After a heated discussion, outside the cafe, with Briggs, where Mr Briggs calls Mrs Kay ‘anti-establishment,’ says that she has a ‘confused philosophy of teaching’ and is the ‘champion of non-academics,’ the group proceeds the zoo, tempers high. This is a particularly revealing scene, Russell telling us about the emotions and feelings, as well as being entertaining and humorous.

An interesting scene is with a boy named Ronson. He sees a bear in captivity, and is shocked to hear that it has never had freedom. He feels that the bear should be free, and holds deep sympathy for it. On the contrary, Mr Briggs objects this with an almost cruel and cold-hearted comment, “If it was born in a pit, an’ lived all its life in a pit, well, it won’t know nothin’ else so it won’ want nothin’ else will it.”

Russell has particularly used the word ‘pit’ because it is below ground level, and seems dark, and only fit for the lowest form of life. The bear’s situation is metaphorically connected to that of the children’s deprived lifestyle, an eerie comparison. We can relate this back to the tunnel, where there is no way out, only a set path in life. More so, it is said by Ronson, who so far has been portrayed as a very stupid person. In fact he is an ‘idiot savant,’ who makes this intellectual statement. He still retains the ability to love. The fool sees the world more clearly than the wise man.

In another scene in the zoo, without the supervision of the teachers, the children are fascinated by the rabbits and guinea pigs in their pens. Russell is able to show us what sort of people the kids are: again, out of sympathy, led by Ronson, the kids climb inside the pen and pick up the animals, stroking and caressing them. I feel that they do not do this to impress, but because they want to love something and maybe even be loved back. This is emphasised further, when the kids take the animals back to the coach. I would not call this stealing, as it is not immoral, but innocently amoral. They want the pets as a memento of ‘that’ happy day, as it is precious to them, but mostly because they want to love.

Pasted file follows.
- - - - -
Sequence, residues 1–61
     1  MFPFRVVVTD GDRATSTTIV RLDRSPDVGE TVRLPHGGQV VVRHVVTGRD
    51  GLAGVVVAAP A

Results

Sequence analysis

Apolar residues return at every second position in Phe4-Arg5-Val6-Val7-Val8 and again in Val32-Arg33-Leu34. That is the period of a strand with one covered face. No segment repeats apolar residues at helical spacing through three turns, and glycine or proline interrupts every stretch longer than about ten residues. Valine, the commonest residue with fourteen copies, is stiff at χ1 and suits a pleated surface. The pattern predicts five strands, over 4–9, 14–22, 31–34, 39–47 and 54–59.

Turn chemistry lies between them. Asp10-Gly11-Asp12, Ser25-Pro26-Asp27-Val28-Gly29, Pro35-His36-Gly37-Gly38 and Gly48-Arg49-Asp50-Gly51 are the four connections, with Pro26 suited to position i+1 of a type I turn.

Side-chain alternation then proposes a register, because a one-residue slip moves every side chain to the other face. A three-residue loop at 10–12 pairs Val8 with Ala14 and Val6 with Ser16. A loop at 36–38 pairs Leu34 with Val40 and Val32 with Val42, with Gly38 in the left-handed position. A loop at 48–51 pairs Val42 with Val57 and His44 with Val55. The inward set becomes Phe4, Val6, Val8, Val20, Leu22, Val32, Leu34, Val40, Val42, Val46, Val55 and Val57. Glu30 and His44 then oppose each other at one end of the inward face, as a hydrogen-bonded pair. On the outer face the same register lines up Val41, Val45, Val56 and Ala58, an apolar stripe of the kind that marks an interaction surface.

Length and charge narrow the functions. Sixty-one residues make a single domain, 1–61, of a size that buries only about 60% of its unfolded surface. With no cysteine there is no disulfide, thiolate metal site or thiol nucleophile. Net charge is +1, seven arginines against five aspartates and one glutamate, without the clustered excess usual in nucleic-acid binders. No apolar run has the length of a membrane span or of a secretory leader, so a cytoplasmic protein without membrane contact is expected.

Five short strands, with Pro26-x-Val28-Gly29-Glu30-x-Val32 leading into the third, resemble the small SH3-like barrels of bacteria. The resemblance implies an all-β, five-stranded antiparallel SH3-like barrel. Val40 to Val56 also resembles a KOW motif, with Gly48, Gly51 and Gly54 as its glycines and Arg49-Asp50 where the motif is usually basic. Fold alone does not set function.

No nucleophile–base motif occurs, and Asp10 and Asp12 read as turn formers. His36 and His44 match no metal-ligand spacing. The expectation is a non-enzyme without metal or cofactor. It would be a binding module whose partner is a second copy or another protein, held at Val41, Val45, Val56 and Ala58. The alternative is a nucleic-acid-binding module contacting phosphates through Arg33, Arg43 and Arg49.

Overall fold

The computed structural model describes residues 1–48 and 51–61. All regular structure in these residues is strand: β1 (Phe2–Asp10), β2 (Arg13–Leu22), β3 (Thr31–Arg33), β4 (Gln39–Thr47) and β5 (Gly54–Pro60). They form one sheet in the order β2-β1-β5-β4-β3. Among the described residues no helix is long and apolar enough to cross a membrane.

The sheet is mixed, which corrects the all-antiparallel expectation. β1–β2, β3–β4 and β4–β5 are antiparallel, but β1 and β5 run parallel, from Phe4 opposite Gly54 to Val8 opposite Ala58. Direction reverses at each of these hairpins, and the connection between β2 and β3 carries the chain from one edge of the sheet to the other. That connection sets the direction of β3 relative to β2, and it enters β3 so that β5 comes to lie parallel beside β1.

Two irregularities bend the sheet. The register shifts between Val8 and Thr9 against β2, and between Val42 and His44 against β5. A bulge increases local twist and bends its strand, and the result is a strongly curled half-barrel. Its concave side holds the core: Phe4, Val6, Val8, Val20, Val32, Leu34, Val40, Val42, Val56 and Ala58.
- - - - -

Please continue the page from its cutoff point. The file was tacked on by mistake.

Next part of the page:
Briggs is furious and disbelieving, and feels humiliated. He feels he has not retained the order and discipline the headmaster had set for him to keep. He felt that his methods of teaching were working, only to see them fail heavily. After returning the animals, he calls the children themselves “animals” and the coach leaves for Conway Castle.

Conway Castle is a political scene, as the drama gets more and more overt. There is a confrontation again between the two teachers- a test of law and order. Later a dialogue full of polemics and tension starts. Mrs Kay tells Briggs that the kids CAN’T be taught, and that it’s too late for them. She is unafraid of Mr Briggs, and states plainly, that the kids were rejects from the day that they were born. Mr Briggs objects to these views and declares that Mrs Kay is ‘on their side.’ He opposes her when she says that he is a fool if he thinks that remedial kids CAN be taught. “They were born to be factory fodder,” she declares, and says, “You won’t educate them, because no one wants them educating.” Once again, this scene can be recognised in parallel to the idea of the Mersey Tunnel- they have no choice.

This, I feel, is one of the most gripping scenes in the drama. It is the teachers’ parting of ways, because neither is prepared to compromise. I feel that both teachers are correct to a certain extent. Strictness is needed in education whatever the situation, to teach the kids to be sensible and to behave properly. However, in their situation, the kids’ enjoyment is more practical. The children will not benefit greatly from the authoritarianism of Briggs, but must have their little freedom when young. I think that Mr Briggs and Mrs Kay should cooperate and combine their views to make the children enjoy the little they have.

The next location that the coach stops at is the beach. Briggs is very disturbed and it is clear that he is not wanted. He sits on a rock apart from the main group. He watches as the class happily play in the water, smiling and laughing.

In this scene, Carol expresses what the whole group feels, and asks Mrs Kay when they have to go back to Liverpool, “Cos I don’t wanna go home, miss.” Soon, Carol’s disappearance is noticed and the teachers, excluding Briggs, panic. They set out to look for her, Briggs refusing. The climax of the story, is when Briggs himself finds Carol on a cliff edge. She is lying blissfully, enjoying the ocean, the air, and the moment. She is at peace with the warm sun, and the small breeze upon her, a fleeting moment of tranquillity. When Briggs appears, he addresses her curtly. Carol refuses to back away from the hazardous drop, and when Briggs condemns her actions rudely, she threatens to jump.

Carol turns to Briggs and declares that he only wants her safe because he “will get into trouble when you get back to school.” She goes on to say, “I know you hate me! The way you look at us kids. You hate all the kids!”